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Tweets and Spit for Nigerian Girls


Finally, the human rights abomination of kidnapping Nigerian children is gaining media attention. Social media again is stepping in where governments and organizations have failed to inspire action. Twitter feeds for #NigerianSchoolgirls and #Bringbackourgirls (among others) have sparked petitions and action to treat the kidnappers as terrorists and demand (with force if necessary) the return of the children.

Using technology gives a huge boost to the global community to intimidate the criminals and mobilize opposition to Boko Haram. Meanwhile, the science at our Western fingertips for solving crimes is not yet a first thought among first-responders – DNA. We have the technology to use kinship DNA, to catalogue missing persons’ cases, and to bring the technology into the fields. In criminal cases, some of the issues of chain-of-custody and quality are going to need more time to fine-tune applications of RapidDNA. But in the field, where the cases are investigative not prosecutorial, DNA could be extremely valuable – if collected in an ethically sound manner to protect the victims’ families from misuse of their samples or profiles.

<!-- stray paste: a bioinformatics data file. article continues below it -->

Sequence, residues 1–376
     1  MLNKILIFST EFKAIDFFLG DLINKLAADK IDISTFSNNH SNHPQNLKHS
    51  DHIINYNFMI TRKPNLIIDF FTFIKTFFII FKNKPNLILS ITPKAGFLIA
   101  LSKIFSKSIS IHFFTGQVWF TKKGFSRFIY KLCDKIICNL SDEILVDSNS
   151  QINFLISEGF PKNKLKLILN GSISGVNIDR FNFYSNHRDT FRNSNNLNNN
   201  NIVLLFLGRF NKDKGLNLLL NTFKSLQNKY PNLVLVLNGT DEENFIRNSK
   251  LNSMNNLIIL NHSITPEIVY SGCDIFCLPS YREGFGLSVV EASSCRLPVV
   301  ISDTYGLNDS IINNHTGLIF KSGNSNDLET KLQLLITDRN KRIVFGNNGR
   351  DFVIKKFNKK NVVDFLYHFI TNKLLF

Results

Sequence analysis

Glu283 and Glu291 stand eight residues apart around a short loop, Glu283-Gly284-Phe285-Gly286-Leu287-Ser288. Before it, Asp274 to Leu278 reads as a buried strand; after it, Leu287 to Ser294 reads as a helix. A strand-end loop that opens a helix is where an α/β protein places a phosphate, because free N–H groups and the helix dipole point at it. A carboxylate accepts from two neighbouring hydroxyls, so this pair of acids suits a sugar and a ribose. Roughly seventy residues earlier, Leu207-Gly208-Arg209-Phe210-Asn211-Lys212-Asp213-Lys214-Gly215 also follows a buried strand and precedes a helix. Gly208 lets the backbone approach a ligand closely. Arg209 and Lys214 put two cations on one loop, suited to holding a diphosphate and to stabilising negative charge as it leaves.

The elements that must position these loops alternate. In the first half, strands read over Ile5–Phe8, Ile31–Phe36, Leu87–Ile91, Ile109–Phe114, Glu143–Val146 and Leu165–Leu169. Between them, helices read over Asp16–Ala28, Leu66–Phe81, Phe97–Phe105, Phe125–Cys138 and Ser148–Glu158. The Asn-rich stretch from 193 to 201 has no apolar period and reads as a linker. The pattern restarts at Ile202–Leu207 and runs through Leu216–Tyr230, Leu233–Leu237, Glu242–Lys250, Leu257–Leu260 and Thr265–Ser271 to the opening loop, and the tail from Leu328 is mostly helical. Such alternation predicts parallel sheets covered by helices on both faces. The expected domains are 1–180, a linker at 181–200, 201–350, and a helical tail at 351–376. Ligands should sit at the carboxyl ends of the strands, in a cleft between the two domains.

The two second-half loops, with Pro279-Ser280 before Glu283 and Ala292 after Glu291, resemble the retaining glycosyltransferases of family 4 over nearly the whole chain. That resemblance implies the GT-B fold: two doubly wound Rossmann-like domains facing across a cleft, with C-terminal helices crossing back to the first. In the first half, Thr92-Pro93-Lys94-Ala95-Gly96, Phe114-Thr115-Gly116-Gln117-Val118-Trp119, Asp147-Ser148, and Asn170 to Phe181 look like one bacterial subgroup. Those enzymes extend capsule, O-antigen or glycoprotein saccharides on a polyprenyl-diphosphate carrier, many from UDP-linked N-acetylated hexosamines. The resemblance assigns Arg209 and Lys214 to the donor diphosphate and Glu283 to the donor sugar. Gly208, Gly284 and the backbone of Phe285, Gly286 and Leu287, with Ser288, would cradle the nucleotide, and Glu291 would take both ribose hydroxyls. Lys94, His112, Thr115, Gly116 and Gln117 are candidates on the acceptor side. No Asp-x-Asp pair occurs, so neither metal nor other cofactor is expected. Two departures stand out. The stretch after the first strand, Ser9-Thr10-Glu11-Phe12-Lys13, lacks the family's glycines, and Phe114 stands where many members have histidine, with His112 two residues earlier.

Some of the girls may turn up dead, some may be discovered years from now, and some may be discovered when they are smuggled into another country. If nearly 300 girls are missing today, that is 300 families that human rights advocates should collect DNA from those family members now, catalogue their relationships and contact information and store their profiles for future kinship matching. DNA could be valuable for prosecuting cases down the road; but more importantly – it could be valuable for the humanitarian identification of deceased individuals and reunification of families.